and elsewhere a cabaret singer from Weimar – prowls through each act,
having initiated the fateful trajectory of the drama with three violent
bangs of her staff in unison with the blaring three chords for brass, horn
and bassoon which open the opera. Justina Gringyt?’s powerful, supple mezzo
really makes its presence felt, infusing the drama with a vibrant energy,
and Gringyt? doubles effectively as Leonora’s maid, Curra, who in this
production is particularly keen to hasten Leonora’s elopement in the
opening scene.

Leonora.jpgMary Elizabeth Williams (Leonora). Photo credit: Richard Hubert Smith.

Moreover, the WNO cast live up to Verdi’s hope – expressed in a letter to
his friend Vincenzo Luccardi in February 1863 – that ‘Certainly, in La forza del destino the artists need not know how to sing
coloratura, but they must have some soul and understand the words and
express them.’ (see Franz Werfel and Paul Stefan (eds), Verdi: The Man in His Letters (Vienna House, Inc., 1973)). And,
none more so than Mary Elizabeth Williams, whose soft-edged gracefulness
and ability to withdraw her gentle soprano to the merest pianissimo
conveyed all of Leonora’s dignity, sincerity and sorrow. The intonation
took a little while to settle, and at her quietest she was not always able
to sustain the lyricism of the line, but the emotional impact of Williams’
singing was considerable, and she acted with nuance and conviction. ‘Madre,
pietosa Vergine’, in which the kneeling Leonora begs for divine forgiveness
from the Father Superior whose protection she seeks, was charged with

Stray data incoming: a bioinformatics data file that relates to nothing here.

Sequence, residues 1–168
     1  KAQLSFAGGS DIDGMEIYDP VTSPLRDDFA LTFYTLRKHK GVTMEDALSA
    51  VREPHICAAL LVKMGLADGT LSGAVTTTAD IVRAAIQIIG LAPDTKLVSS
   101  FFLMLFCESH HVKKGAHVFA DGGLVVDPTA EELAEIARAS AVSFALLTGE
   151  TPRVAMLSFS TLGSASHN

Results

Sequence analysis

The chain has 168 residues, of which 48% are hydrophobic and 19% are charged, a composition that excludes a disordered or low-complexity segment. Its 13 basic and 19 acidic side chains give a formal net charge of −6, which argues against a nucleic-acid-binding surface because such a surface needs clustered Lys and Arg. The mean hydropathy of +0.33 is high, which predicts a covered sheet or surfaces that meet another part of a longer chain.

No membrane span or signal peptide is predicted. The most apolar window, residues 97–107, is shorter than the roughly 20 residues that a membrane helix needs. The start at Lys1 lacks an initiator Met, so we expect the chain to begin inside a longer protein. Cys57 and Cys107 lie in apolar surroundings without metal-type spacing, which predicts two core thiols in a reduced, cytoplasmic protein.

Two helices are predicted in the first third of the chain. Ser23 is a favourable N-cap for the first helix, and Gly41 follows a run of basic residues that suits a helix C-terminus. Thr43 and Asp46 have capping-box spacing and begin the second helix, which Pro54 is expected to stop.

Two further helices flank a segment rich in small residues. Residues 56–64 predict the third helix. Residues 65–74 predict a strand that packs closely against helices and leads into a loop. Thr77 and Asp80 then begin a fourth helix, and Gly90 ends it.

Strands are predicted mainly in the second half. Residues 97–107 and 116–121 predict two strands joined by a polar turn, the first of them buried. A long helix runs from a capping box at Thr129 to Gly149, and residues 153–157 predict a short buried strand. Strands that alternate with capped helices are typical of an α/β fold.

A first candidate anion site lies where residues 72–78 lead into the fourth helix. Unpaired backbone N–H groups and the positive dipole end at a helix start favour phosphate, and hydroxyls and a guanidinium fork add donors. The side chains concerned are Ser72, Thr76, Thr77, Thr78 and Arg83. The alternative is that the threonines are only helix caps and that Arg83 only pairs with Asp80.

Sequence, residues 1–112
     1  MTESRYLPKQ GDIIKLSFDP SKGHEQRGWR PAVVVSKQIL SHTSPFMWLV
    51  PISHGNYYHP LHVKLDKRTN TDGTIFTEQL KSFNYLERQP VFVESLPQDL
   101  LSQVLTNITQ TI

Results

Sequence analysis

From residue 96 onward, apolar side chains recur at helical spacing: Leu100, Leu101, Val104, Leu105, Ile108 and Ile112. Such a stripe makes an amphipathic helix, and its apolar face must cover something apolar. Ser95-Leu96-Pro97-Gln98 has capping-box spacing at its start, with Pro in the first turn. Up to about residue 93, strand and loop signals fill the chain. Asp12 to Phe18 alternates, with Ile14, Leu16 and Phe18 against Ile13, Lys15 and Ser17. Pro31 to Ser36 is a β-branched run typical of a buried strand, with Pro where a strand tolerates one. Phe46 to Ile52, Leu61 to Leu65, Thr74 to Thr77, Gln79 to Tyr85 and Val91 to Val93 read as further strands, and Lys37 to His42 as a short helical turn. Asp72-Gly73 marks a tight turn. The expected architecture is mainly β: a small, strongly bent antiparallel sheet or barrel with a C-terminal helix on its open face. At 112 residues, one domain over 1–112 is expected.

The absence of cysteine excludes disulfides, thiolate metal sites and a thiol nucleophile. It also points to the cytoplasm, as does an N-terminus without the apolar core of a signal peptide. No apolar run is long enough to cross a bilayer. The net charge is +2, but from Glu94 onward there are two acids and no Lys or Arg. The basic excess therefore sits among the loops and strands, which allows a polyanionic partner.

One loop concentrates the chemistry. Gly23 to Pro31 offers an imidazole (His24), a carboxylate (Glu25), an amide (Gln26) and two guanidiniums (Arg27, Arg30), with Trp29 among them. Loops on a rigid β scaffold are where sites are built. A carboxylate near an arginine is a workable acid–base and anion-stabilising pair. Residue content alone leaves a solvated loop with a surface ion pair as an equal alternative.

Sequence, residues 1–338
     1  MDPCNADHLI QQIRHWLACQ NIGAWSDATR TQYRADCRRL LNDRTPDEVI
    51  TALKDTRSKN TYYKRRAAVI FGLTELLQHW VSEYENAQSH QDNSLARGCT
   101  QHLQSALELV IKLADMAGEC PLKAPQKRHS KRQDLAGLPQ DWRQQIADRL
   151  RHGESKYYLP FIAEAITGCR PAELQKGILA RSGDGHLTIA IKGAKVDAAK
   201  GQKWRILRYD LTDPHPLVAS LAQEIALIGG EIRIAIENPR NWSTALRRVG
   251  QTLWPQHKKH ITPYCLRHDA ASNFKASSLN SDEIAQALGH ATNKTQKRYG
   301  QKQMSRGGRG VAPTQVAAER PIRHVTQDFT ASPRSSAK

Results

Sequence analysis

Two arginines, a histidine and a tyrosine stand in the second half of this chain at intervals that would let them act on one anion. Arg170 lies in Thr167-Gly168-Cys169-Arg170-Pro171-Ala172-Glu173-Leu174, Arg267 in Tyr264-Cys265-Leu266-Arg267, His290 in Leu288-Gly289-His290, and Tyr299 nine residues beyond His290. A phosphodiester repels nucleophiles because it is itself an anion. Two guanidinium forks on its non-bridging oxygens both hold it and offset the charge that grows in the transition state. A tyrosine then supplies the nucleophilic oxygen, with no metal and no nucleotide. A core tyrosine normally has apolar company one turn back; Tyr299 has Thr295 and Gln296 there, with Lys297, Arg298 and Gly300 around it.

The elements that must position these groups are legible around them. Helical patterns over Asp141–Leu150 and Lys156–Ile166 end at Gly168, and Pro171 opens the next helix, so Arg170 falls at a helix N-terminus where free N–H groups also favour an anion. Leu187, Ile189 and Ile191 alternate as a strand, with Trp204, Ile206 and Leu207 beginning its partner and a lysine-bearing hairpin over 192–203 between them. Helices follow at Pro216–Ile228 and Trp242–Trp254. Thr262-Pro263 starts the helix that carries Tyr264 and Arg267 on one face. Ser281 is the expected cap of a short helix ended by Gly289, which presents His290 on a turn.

urgency and redolent with both religious belief and anguished guilt; her
final plea for peace, ‘Pace, pace’, rose persuasively to the top in sublime

Alvaro and Carlo.jpgGwyn Hughes Jones (Don Alvaro) and Luis Cansino (Don Carlo). Photo credit: Richard Hubert Smith.

I thought that Pountney might have made more of Don Alvaro’s status as an
outsider, and ‘other’, but Gwyn Hughes Jones used his ringing tenor to
establish Alvaro’s bravado and courage; his sweeping arrival via Leonora’s
balcony was equal in panache to Otello’s ‘Exultate!’, while his third-act
aria, ‘La vita e inferno’, demonstrated expressive nuance. Luis Cansino’s
baritone was full of dark resentment, but his Carlo was rather stiff

I was impressed by MiklÛs SebestyÈn’s Padre Guardiano: the considerable
texture of his bass-baritone brought the character to life, establishing
the Father Superior’s gravitas and empathy, while as the unsympathetic
patriarch, Il Marchese, he was fittingly implacable and resonant.
Donald Maxwell was less full-voiced as the disdainful Friar Mellitone but
conveyed all of the latter’s irascibility.

The WNO chorus were in fine voice, impersonating foolhardy fascists, an
impoverished populace and merciless monks with equal fervour. Carlo Rizzi
demonstrated his innate appreciation of Verdi’s rhythmic arguments – the
tense syncopations of the overture undeniably signalling trouble ahead –
and balanced tempest and tenderness with discernment.

WNO’s spring tour continues:


Claire Seymour

Verdi: La forza del destino

Leonora – Mary Elizabeth Williams, Don Alvaro – Gwyn Hughes Jones,
Preziosilla/Curra – Justina Gringyt?, Don Carlo Di Vargas – Luis Cansino,
Il Marchese di Calatrava/Padre – Guardiano MiklÛs SebestyÈn, Fra Melitone –
Donald Maxwell, Mastro Trabuco – Alun Rhys-Jenkins, Alcade Wyn Pencarreg;
Director – David Pountney, Conductor – Carlo Rizzi, Set Designer – Raimund
Bauer, Costume Designer – Marie-Jeanne Lecca, Lighting Designer – Fabrice
Kebour, Choreographer Michael Spenceley.

Welsh National Opera, Birmingham Hippodrome; Tuesday 6th March

image_description=La forza del destino, Welsh National Opera at the Birmingham Hippodrome
product_title=La forza del destino, Welsh National Opera at the Birmingham Hippodrome
product_by=A review by Claire Seymour
product_id=Above: Mary Elizabeth Williams (Leonora)

Photo credit: Richard Hubert Smith